And let’s not get started on the difference between, I, a big powerful 250lb man and a 110lb woman. Pray I don’t get too effective and beat the burglar dead in my bare hands – in my living room – I could have retreated.

    Yes boys and girls, Canadian criminal law is effectively insane on this topic.

    • George Smith says:

      This sad situation is the result of a very real failing of the so-called Canadian Charter of Rights. In Canada … unlike in the USA … we have no property rights. Thus … defending our property cannot mean the use of force … much less lethal force. We can, however, defend ourselves or others under our care and control. In then, though, the use of force must be appropriate to the threatened force.


  21. Larry says:

    Wow, this story has really grown legs!
    It started here:
    where it was picked up by Weer’d Beard here:
    which is where Jay got it:
    and now it’s here.
    (Credit where credit is due, and all that.)
    Go read the other posts, they are good, too.

  22. BD says:

    Oh good grief. Are you all walking around with loaded guns in your pockets, waiting for someone to approach you unpleasantly? What kind of a world do you live in?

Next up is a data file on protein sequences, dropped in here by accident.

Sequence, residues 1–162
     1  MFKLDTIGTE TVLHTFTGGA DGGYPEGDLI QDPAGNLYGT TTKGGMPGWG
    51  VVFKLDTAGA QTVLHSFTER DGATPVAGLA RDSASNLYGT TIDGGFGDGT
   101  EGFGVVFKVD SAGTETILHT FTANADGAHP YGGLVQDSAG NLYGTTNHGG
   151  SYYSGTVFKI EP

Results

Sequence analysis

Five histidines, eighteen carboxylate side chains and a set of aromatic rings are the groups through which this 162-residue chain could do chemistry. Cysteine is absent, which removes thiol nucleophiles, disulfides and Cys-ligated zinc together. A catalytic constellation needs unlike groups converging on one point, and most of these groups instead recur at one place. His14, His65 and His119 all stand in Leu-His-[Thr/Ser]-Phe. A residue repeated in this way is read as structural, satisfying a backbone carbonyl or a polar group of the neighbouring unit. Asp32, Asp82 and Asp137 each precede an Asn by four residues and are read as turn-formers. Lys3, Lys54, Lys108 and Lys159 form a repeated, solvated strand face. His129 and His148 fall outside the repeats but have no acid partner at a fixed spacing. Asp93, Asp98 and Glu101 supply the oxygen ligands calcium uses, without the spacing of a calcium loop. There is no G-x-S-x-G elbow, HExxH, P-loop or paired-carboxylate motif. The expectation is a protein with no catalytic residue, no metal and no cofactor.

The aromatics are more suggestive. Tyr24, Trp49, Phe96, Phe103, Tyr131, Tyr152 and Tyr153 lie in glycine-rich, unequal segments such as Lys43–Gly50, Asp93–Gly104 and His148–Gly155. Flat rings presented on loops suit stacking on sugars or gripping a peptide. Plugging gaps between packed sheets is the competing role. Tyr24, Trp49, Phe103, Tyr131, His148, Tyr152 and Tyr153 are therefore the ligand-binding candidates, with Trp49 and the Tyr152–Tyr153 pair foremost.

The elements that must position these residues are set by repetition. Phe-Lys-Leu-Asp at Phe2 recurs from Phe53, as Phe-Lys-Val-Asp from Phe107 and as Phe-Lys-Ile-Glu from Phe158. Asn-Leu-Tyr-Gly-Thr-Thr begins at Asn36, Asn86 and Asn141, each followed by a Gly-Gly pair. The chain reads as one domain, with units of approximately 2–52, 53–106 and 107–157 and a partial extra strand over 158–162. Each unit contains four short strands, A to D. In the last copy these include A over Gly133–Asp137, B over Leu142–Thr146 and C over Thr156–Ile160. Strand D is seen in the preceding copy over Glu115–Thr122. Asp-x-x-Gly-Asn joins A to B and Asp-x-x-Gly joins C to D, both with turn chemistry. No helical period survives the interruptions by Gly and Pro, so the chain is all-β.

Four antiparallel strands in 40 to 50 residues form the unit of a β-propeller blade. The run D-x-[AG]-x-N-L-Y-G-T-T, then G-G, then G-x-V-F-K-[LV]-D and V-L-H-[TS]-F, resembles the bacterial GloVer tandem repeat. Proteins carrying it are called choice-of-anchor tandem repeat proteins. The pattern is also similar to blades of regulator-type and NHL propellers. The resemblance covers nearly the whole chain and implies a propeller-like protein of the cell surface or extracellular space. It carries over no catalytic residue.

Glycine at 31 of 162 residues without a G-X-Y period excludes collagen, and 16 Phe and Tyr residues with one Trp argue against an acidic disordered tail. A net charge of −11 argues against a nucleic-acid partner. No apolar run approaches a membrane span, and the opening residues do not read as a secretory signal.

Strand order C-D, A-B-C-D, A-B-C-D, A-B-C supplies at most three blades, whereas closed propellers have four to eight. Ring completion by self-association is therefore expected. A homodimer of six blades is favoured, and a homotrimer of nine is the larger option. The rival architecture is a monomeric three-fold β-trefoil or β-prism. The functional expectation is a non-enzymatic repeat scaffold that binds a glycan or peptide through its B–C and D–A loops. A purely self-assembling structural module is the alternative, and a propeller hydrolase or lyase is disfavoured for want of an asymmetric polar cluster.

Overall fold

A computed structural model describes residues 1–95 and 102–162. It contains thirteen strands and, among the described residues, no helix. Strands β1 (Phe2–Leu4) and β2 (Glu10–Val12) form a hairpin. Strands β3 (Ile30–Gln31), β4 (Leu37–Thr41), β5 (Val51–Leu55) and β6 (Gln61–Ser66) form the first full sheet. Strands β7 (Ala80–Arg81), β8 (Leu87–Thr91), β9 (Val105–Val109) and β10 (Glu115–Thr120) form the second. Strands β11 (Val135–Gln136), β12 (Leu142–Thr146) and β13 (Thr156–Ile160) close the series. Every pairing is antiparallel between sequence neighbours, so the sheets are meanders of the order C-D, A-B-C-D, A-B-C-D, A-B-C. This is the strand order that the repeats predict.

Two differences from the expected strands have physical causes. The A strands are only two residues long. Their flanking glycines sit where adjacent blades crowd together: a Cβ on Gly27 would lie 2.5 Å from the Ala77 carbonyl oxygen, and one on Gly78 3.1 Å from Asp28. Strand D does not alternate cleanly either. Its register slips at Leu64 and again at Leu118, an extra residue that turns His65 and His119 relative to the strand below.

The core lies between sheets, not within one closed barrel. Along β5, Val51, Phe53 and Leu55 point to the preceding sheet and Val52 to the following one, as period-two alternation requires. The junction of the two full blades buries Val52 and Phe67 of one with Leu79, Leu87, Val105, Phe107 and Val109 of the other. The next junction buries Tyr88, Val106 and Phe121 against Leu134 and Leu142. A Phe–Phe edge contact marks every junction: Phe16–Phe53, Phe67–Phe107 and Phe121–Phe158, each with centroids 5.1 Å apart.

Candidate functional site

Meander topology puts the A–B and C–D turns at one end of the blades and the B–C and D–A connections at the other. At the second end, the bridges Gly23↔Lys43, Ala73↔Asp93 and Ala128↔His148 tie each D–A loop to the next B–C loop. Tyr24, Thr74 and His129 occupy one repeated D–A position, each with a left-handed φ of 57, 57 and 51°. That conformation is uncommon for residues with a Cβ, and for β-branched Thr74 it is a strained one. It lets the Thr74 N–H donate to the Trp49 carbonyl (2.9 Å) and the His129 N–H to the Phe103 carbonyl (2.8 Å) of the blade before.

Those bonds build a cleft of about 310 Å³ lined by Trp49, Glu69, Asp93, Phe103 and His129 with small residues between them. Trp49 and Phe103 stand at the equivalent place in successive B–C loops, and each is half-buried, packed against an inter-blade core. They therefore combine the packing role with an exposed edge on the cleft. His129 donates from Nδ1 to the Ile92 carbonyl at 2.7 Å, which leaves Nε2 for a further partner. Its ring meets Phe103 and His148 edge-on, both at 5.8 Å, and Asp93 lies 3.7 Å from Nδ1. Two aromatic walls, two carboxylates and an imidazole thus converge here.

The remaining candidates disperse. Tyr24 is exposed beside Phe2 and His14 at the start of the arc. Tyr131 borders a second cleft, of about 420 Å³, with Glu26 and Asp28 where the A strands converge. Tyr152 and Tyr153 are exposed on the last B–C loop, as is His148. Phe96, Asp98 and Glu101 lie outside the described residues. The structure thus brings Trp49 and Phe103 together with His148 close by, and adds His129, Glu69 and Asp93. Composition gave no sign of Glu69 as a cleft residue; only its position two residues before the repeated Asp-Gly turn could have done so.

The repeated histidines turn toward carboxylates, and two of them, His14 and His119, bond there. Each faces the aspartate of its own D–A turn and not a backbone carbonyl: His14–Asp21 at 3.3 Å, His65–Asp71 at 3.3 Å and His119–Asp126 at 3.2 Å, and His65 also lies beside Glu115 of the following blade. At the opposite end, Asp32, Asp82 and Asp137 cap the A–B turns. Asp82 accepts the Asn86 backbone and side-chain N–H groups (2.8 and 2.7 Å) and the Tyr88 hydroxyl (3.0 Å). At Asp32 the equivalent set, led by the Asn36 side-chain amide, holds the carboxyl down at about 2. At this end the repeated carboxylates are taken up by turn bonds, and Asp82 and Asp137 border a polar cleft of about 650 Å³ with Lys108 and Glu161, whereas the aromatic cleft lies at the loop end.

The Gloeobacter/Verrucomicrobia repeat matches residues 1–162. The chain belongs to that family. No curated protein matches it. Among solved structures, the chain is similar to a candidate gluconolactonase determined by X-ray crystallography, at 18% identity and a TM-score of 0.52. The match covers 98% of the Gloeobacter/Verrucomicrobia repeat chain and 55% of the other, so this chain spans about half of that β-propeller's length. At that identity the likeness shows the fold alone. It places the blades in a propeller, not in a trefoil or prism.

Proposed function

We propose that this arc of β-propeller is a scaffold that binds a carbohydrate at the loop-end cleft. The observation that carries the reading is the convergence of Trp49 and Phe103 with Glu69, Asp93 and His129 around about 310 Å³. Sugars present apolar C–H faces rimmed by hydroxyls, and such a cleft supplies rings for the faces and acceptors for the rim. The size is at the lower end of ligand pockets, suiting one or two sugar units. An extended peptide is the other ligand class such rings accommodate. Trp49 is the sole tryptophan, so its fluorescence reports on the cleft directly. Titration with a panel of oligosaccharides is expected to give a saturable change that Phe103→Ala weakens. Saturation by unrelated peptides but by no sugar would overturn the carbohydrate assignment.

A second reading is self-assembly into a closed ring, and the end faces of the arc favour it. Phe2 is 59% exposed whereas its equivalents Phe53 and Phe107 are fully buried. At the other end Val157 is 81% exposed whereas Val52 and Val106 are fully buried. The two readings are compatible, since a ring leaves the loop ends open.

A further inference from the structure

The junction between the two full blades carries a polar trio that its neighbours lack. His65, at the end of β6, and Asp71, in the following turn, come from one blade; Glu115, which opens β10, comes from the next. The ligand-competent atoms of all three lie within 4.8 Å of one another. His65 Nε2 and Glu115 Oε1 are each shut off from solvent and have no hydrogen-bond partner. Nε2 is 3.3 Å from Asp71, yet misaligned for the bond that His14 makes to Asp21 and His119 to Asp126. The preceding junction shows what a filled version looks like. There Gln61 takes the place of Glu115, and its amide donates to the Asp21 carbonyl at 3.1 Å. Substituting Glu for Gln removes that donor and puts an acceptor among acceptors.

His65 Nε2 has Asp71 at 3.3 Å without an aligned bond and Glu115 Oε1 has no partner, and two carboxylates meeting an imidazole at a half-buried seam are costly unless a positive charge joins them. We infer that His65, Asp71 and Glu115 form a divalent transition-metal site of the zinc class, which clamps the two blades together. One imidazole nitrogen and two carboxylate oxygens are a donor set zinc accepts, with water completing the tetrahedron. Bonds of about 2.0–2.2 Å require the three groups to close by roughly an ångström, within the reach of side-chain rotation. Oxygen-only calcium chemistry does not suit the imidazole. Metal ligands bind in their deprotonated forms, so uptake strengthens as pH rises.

Your excuses for justifying the taking of a LIFE–the ultimate possession, without which no possessions are possible–are as pathetic as excuses to continue smoking, and just about as trivial. I’m confident you all believe yourselves to be good-hearted, upright, thoughtful human beings, and a number of you proud Christians to boot.

    Do you want to live in a society in which people can kill people with impunity? Then move to Florida, where life is cheap and you can kill someone who looks cross-eyed at you because you feel “threatened,” especially if that someone isn’t lily white.

    The fact that such arguments can be made publicly shows to what depths our wonderful culture has sunk. This is not Socratic discourse, exploring the logical ramifications of accepted beliefs. This is vengeful rage masquerading as reason. I can understand and empathize with the rage, but the reason displayed here is unimpressive. I’d like to know where you all reside, so I can stay far from such a dangerous, unfriendly locale!